Debate around long-term care financing reform has traditionally focused on the public and private sectors’ relative roles in meeting the needs of the growing population of frail and disabled elders. Published in a special supplement to Medical Care Research and Review, results from the Commonwealth Fund Survey of Long-Term Care Specialists highlight the characteristics that predispose long-term care specialists to weigh one approach—public or private—more than the other.
What the Study Found
Two-thirds of the 1,147 survey respondents ranked financing reform among the top three challenges facing long-term care. Approximately four-fifths of specialists favored or strongly favored both private sector financing and Medicare/Medicaid reform, while more than half favored or strongly favored bolstering the government role. Those who most strongly favored greater private sector financing tended to be younger, were less well-educated, identified themselves as Republicans or Independents, or had personal experience working in nursing home care. Those most strongly favoring Medicare/Medicaid reform tended to be better-educated, Democrats, and employed at a university or other academic institution. And those who most strongly favored increasing the government’s role in long-term care financing tended to be older, better-educated, Democrats who had spent more than five years working in long-term care as an academic, consumer advocate, or researcher/consultant.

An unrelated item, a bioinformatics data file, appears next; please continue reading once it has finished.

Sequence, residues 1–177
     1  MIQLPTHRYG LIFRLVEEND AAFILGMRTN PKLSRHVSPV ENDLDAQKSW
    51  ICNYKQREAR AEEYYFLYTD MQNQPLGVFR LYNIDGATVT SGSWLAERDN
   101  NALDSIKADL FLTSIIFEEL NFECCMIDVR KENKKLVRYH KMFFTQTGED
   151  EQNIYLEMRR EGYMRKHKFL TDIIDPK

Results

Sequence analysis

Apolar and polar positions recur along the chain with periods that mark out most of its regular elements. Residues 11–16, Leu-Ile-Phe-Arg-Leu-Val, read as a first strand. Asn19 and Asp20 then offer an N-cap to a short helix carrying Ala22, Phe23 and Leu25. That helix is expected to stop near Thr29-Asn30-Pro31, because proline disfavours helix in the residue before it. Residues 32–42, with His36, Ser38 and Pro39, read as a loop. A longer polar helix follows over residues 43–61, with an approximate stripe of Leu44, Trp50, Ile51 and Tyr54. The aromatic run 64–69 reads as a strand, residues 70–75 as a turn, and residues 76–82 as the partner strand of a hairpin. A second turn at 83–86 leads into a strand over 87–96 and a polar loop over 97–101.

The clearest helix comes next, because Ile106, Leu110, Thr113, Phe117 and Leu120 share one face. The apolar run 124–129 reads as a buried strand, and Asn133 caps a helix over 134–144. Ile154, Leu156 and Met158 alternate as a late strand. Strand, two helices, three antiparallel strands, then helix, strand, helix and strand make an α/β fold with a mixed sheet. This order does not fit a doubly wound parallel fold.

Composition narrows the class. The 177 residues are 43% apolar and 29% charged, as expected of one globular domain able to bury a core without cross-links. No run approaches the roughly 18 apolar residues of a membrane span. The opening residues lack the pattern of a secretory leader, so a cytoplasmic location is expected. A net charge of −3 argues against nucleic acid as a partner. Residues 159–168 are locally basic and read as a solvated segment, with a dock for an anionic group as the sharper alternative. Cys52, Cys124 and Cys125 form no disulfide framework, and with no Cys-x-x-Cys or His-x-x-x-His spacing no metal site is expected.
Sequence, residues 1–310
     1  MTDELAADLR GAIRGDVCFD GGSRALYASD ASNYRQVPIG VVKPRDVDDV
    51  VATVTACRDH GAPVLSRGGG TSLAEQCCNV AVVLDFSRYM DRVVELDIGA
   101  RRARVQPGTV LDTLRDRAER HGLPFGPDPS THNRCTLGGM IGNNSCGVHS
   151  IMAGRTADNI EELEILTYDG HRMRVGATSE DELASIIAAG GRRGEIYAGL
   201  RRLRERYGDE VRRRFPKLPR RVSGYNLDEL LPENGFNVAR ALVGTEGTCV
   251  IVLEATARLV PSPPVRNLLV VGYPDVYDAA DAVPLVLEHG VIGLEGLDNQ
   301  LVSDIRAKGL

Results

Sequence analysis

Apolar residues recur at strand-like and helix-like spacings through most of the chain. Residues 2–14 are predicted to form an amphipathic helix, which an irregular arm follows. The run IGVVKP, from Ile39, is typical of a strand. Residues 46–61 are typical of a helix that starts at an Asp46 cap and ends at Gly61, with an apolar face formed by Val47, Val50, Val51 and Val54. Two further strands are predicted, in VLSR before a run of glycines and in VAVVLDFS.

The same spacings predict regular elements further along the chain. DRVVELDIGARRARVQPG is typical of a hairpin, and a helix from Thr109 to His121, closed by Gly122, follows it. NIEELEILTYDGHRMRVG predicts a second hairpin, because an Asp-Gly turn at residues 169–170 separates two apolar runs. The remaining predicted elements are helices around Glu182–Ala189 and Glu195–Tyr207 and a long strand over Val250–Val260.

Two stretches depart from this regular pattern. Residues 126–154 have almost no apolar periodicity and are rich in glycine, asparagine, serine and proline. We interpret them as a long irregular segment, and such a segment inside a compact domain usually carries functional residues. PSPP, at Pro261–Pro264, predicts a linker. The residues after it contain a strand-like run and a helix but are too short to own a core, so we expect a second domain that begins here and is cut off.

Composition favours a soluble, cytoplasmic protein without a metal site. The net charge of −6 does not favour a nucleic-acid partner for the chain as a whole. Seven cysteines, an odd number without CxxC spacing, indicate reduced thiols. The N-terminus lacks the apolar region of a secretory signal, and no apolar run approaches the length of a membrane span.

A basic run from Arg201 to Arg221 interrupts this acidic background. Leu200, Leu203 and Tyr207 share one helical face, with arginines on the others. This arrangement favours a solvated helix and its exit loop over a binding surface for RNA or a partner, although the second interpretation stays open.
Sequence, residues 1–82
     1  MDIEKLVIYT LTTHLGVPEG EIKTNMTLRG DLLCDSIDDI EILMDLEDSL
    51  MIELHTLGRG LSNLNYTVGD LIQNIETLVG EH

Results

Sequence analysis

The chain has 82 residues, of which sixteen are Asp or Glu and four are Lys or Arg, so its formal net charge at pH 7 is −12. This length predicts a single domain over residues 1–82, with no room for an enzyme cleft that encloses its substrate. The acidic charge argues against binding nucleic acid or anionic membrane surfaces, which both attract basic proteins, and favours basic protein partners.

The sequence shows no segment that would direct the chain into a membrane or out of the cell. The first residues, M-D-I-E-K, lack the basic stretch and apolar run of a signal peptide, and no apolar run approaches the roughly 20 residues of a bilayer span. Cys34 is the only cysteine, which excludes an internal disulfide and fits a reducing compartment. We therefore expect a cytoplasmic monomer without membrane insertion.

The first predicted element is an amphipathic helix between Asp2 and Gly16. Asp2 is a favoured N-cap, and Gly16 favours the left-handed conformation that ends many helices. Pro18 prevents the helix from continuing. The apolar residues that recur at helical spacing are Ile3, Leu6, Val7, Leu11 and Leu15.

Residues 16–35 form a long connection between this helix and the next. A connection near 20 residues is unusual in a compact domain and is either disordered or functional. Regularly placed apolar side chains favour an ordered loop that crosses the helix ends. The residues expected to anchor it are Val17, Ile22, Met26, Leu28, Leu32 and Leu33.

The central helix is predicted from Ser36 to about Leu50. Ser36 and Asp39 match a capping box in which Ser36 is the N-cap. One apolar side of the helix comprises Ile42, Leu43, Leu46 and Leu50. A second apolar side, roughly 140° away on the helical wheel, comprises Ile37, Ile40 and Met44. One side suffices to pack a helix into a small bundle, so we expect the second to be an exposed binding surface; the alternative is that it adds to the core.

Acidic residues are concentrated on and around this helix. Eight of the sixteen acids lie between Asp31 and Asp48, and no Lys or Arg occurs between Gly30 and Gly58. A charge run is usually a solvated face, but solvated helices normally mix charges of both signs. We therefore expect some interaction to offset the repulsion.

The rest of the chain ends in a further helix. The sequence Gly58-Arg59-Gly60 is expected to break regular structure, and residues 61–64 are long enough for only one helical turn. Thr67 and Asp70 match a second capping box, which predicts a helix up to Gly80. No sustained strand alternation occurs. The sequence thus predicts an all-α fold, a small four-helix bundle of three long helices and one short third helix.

Despite the differences in perspective they found, the authors note the apparent agreement among long-term care specialists that the current mix of financing options, both public and private, "is unsustainable, not only if we are to meet the increased demand for [long-term] care ahead but also if we are to satisfy substantial levels of unmet need among the current population of elders."